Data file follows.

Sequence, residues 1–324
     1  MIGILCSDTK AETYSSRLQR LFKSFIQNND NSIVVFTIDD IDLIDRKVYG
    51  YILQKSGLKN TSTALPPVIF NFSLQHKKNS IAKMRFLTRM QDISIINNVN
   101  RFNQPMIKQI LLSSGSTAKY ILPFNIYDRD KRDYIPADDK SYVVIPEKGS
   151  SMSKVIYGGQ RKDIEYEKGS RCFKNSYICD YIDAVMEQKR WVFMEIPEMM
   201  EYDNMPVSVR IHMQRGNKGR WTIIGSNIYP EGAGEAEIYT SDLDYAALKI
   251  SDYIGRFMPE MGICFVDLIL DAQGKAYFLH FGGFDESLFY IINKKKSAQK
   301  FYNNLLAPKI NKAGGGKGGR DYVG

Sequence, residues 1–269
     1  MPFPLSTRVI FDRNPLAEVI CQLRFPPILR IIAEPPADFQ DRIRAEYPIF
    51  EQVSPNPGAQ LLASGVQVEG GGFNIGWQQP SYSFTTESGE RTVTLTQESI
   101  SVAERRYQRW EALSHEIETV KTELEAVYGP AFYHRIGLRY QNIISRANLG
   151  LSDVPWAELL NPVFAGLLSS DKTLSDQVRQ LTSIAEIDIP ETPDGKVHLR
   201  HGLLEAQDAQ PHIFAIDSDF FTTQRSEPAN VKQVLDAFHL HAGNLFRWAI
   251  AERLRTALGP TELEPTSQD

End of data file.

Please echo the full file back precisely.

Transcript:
Sequence, residues 1–324
     1  MIGILCSDTK AETYSSRLQR LFKSFIQNND NSIVVFTIDD IDLIDRKVYG
    51  YILQKSGLKN TSTALPPVIF NFSLQHKKNS IAKMRFLTRM QDISIINNVN
   101  RFNQPMIKQI LLSSGSTAKY ILPFNIYDRD KRDYIPADDK SYVVIPEKGS
   151  SMSKVIYGGQ RKDIEYEKGS RCFKNSYICD YIDAVMEQKR WVFMEIPEMM
   201  EYDNMPVSVR IHMQRGNKGR WTIIGSNIYP EGAGEAEIYT SDLDYAALKI
   251  SDYIGRFMPE MGICFVDLIL DAQGKAYFLH FGGFDESLFY IINKKKSAQK
   301  FYNNLLAPKI NKAGGGKGGR DYVG

Sequence, residues 1–269
     1  MPFPLSTRVI FDRNPLAEVI CQLRFPPILR IIAEPPADFQ DRIRAEYPIF
    51  EQVSPNPGAQ LLASGVQVEG GGFNIGWQQP SYSFTTESGE RTVTLTQESI
   101  SVAERRYQRW EALSHEIETV KTELEAVYGP AFYHRIGLRY QNIISRANLG
   151  LSDVPWAELL NPVFAGLLSS DKTLSDQVRQ LTSIAEIDIP ETPDGKVHLR
   201  HGLLEAQDAQ PHIFAIDSDF FTTQRSEPAN VKQVLDAFHL HAGNLFRWAI
   251  AERLRTALGP TELEPTSQD